The game itself is Final Fight. An attack button and a jump button are utilized, and the three characters are differentiated between power (Perceval) and speed (Lancelot) with Arthur being the most balanced of the group. The controls work fine, the graphics are bright and attractive, and the difficulty is absurd. Arcade games are not known to be fair to the player - their goal is to eat as many quarters as they possibly can, and that means that the player has to lose, and lose often. The SNES cartridge gives you nine credits, the PS2 Capcom Classics Collection gives you unlimited credits. Items can be attacked, splitting them and allowing a second player to take half. The horse riding mechanic is unimportant. The characters also level up, but truthfully, the only differences are cosmetic.

Honestly, there's a lot to like if arcadey action games appeal to you. In spite of the fact that it's connections to Arthurian myth are minuscule and the characters betray a certain non-chalant lack of concern for historicity or believability or aesthetic principles of the medieval age, I love this game. It's simple gameplay done well enough that occasionally I'll play through it with unlimited continues and laugh at the insanity of a saber wielding, excessively feminine Lancelot fighting off a prancing fop named Phantom of Nightshade or King Arthur beating fat guys and vaguely semetic wizards with an oversized sword in the middle of the night surrounded by Japanese lanterns. It's that non-malicious though still inconsiderate treatment that makes the game less grating than it is delightful in spite of itself.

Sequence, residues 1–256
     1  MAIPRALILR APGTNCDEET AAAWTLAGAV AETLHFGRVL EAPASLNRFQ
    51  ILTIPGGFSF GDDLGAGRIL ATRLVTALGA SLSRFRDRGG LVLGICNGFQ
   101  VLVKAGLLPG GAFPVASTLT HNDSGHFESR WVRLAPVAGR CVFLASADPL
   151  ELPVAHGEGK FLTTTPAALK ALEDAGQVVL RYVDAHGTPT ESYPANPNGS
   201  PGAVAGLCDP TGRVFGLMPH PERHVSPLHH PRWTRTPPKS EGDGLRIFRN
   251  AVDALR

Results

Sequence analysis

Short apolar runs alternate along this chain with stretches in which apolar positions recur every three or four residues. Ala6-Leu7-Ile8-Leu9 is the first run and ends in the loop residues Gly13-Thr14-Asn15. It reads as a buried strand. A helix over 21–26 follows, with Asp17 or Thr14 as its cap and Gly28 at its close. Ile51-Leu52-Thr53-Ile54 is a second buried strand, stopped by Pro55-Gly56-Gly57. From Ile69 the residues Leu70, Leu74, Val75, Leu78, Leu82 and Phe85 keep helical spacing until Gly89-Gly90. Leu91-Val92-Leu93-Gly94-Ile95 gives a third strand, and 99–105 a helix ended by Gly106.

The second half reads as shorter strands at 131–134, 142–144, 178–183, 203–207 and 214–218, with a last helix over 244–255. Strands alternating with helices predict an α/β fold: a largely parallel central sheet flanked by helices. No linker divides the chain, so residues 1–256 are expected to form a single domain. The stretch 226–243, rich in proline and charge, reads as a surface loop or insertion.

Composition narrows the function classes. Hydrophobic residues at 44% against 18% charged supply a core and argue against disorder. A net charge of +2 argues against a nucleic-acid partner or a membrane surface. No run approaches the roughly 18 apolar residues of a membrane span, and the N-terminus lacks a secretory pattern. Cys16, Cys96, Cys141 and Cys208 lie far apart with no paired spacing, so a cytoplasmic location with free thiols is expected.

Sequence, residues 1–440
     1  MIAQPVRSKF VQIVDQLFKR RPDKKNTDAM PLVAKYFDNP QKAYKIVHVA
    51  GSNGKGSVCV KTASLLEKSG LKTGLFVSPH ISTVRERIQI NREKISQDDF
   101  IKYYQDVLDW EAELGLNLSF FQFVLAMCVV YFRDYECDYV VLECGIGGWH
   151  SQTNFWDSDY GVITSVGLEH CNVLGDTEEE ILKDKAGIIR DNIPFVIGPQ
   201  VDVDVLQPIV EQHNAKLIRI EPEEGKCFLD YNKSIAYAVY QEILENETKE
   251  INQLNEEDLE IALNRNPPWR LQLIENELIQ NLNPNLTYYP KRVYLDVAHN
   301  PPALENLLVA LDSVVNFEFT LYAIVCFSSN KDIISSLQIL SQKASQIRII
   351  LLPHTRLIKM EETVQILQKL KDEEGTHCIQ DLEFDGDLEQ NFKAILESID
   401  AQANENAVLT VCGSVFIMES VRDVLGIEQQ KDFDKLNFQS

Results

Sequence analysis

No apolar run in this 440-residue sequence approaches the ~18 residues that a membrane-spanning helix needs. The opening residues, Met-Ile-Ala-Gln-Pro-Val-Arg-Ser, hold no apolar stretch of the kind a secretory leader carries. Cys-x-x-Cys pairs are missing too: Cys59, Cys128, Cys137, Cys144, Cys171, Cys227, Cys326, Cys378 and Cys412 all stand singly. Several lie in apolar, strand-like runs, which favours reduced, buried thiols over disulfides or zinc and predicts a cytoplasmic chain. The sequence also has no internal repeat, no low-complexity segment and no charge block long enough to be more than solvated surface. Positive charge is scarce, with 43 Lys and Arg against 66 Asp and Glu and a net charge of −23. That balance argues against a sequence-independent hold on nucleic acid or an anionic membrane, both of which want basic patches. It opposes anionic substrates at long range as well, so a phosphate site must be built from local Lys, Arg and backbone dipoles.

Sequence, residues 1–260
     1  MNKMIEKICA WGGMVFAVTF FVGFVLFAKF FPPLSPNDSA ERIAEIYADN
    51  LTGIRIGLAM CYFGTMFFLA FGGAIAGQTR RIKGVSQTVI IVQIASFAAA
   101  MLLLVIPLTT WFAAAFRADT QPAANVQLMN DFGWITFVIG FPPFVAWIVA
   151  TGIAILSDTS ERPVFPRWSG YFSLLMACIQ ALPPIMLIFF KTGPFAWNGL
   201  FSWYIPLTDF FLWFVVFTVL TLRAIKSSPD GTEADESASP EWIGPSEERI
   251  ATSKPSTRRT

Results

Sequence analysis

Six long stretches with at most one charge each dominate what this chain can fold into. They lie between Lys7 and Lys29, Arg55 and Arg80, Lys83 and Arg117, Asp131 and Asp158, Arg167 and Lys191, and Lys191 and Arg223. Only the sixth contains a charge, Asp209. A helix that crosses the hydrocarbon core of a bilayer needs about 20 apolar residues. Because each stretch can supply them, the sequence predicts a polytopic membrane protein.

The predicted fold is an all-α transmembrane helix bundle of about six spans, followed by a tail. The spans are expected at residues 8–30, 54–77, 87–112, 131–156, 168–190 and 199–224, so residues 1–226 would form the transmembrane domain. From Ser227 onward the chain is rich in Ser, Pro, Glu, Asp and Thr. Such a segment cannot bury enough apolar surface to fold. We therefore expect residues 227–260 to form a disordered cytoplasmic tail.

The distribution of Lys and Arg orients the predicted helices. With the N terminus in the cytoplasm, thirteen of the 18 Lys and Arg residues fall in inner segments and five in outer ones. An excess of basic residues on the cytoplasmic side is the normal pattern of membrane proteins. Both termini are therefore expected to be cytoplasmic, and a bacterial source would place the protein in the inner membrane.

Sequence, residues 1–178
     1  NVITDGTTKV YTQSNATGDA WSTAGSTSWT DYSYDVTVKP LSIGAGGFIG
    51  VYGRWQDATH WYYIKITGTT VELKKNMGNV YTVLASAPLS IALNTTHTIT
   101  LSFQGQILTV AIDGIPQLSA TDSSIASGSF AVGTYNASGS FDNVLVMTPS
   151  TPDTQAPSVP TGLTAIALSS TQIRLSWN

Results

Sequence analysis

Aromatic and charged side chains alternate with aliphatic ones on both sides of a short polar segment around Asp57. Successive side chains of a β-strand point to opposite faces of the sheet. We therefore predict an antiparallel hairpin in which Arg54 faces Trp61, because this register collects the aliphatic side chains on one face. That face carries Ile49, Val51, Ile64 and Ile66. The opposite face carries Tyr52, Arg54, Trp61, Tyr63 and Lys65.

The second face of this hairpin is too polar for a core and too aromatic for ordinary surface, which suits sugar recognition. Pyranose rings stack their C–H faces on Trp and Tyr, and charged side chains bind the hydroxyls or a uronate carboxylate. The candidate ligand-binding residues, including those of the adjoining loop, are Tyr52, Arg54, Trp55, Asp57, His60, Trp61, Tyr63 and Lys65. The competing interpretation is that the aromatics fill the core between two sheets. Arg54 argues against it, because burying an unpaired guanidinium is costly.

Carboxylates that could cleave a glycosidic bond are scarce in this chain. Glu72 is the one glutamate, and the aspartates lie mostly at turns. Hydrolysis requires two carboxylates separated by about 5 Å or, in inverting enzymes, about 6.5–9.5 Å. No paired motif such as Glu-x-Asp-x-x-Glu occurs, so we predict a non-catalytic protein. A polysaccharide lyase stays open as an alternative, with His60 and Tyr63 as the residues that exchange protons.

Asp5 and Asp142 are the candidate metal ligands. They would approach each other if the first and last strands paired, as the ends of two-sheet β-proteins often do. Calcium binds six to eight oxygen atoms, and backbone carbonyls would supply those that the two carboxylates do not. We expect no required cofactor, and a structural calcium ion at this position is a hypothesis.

Blogs suck.

Blogs suck, and so does blogging. I've considered the possibility that all people who blog - or at least do so regularly - are afflicted with either extreme narcissism or a ridiculous amount of time on their hands. How else would they have so much time to post "lolcat" pictures and whine about their girlfriend/boyfriend's extreme paranoid-manic episodes that resulted in them being kidnapped in Turkmenistan for a few hours?